Arabic, American, and Israeli outlets have all in recent days published pointed analysis questioning the degree to which Turkey can still be called a genuine democracy, as the country’s government moved to consolidate recently-passed measures that severely censor Internet use and empower Ankara to conduct broad online surveillance. Writing in Al-Arabiya, Istanbul-based journalist Mahir Zeynalov blasted the “authoritarian rule” of Turkish Prime Minister Recep Tayyip Erdogan, citing among other things a “storm of blatant lies” targeting Erdogan’s political opponents and efforts by the Islamist leader to “speed up the process of burying Turkey’s hard-won democracy.”
It is no secret that Turkey jailed more journalists than any other country in the world, including Iran and China. It falls in bottom 30 countries in the ranking of press advocacy groups. Last week, even the prime minister admitted that he had to “teach the media” how to work because they allow people “insulting me.” For Erdogan, criticism means insult.
With a rubber stamp parliament, an exceptionally weak president, a judiciary under the government’s control, rampant corruption, the leaders’ divisive rhetoric and a media under Erdogan’s tight control, Turkey is no more the democracy that was touted as a role model for post-revolution Arab nations only a few years ago.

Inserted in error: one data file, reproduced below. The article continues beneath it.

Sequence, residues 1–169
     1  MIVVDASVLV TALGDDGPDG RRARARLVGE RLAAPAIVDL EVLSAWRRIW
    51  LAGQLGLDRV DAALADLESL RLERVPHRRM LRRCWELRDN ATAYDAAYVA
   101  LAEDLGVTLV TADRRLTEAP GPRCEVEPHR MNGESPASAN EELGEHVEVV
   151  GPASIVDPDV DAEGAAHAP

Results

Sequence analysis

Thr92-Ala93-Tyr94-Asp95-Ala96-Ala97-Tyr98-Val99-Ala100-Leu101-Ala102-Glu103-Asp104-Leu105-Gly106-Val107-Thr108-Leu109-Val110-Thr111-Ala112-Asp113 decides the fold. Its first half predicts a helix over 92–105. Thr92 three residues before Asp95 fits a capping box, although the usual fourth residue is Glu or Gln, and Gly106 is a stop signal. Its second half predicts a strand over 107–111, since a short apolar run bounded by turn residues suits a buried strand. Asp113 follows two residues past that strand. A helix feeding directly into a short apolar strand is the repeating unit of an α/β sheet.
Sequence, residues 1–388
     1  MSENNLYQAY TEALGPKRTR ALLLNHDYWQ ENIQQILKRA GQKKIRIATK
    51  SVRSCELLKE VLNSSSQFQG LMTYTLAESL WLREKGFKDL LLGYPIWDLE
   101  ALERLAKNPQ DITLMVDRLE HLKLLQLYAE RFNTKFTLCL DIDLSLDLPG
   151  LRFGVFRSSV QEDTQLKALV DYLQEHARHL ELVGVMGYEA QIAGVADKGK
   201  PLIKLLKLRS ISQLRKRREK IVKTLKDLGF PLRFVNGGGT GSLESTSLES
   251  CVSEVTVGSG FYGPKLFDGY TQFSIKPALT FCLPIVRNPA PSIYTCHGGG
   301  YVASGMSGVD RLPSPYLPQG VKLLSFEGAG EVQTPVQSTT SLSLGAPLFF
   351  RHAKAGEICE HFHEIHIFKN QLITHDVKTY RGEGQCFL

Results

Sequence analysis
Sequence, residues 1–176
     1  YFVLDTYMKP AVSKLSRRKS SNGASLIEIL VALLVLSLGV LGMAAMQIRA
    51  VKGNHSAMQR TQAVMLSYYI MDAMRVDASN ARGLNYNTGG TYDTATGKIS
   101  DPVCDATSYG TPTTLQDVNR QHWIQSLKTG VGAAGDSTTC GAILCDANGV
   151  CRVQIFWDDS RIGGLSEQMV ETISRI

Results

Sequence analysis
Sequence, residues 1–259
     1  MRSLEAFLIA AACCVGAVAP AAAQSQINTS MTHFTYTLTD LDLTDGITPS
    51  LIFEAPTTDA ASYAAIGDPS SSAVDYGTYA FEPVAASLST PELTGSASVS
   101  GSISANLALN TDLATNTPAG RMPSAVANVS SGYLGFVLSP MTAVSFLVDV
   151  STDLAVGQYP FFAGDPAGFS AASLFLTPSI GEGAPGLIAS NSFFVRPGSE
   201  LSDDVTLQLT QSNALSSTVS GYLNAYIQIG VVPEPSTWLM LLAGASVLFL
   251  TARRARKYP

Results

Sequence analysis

Zeynalov specifically unpacked the dynamics of a recent anti-corruption sweep that entangled the party’s elites, to which the AKP responded by purging literally thousands of judicial figures. Alp Aslandogan, the President of the Alliance for Shared Values, also unloaded on Erdogan and the ruling Justice and Development Party (AKP), describing its reactions to the probe as having “led to [the] collapse of rule of law” and having “significantly undermined the foundations of Turkish democracy.”
The current trend is toward the hegemony of the executive branch of the government and the situation is regarded as a move away from EU democratic states and toward the authoritarian regimes of the region.
Last week Mieczyslaw Boduszynski and Kristin Fabbe – respectively professors at Pomona and Claremont McKenna Colleges – worried in the Christian Science Monitor that democracy in Turkey had been derailed, citing among other things Ankara’s “scapegoating” of NGOs as causes of domestic unrest. The Jerusalem Post ran its story on Wednesday under the headline “is another Mideast democratic experiment over?” and further described last summer’s crackdown on anti-government protestors, which drew heated condemnations from Europe, and a recent finding by Reporters Without Borders that ranked Turkey 154th out of 180 countries in press freedom. The same report ranked Russia 148th.
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